Wujcik and Storer formed a close friendship, bonding over a shared love of art, scotch and late-night dancing. A painter, printmaker and professor at the USF School of Art and Art History, Wujcik mentored Storer on art and the nuances of techniques and mediums. Storer, in turn, supported Wujcik’s art and enabled him to travel and exhibit his work around the world.
In art, Storer found his new passion in life. He left his full-time, high-stress job and immersed himself in the art world – frequenting local galleries, traveling to exhibitions, meeting artists and collecting over 300 original pieces from around the world.
As his collection grew, so did his desire to share his passion with others and enrich the local art scene.
He became a prominent supporter of USF’s Graphicstudio – a leading printmaking workshop – joining the Director’s Circle (a group of distinguished donors), attending events, sponsoring exhibitions, and making generous contributions to Graphicstudio’s operating fund and artist-in-residency program.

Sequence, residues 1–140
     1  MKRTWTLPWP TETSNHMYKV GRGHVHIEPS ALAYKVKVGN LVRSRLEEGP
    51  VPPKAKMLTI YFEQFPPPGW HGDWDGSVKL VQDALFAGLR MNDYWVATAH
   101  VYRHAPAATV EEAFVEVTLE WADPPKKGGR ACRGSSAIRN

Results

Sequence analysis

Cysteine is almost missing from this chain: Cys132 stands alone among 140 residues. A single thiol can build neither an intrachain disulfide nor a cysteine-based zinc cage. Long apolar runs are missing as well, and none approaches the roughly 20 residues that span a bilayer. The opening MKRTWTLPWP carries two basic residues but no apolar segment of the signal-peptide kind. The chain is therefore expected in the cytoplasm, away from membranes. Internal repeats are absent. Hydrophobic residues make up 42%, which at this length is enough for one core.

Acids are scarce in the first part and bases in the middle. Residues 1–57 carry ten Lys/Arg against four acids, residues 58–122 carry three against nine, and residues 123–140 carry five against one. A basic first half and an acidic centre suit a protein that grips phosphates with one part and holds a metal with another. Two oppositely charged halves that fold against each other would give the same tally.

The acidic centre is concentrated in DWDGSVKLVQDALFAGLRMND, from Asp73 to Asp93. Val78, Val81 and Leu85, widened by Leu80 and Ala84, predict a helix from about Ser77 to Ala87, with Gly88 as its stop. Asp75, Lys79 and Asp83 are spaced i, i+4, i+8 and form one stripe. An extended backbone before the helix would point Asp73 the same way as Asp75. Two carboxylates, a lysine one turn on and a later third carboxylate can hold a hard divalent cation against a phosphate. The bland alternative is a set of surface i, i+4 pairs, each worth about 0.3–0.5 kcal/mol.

“I support Graphicstudio because it is a first class, world-renowned atelier that produces incredibly diverse works by various artists,” said Storer. “The artists at Graphicstudio are pushing the boundaries and creating new mediums and approaches to art. It’s a convenient and incredible resource for students and the local community to become better educated on art, meet artists from around the world and hear them speak about their practice.”
In 2013, his appreciation and respect for students completing the rigorous Master of Fine arts program at USF moved him to create the Stanton Storer MFA Scholarship, a $10,000 five-year scholarship given to one student each year. And when his mentor Wujcik tragically passed away in March 2014, Storer was determined to honor and preserve his dear friend’s legacy. In addition to curating over 30 of his works, Storer donated $25,000 to establish an endowed scholarship in Theo Wujcik’s name to support students studying fine art at USF.